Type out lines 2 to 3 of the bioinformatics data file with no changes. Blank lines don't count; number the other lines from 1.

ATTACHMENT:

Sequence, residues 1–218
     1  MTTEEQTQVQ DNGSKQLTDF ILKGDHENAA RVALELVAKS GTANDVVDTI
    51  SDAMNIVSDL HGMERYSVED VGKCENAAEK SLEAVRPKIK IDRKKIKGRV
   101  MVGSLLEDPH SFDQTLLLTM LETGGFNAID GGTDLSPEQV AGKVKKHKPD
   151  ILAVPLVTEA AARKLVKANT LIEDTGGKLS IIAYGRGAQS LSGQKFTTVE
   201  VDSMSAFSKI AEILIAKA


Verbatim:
     1  MTTEEQTQVQ DNGSKQLTDF ILKGDHENAA RVALELVAKS GTANDVVDTI
    51  SDAMNIVSDL HGMERYSVED VGKCENAAEK SLEAVRPKIK IDRKKIKGRV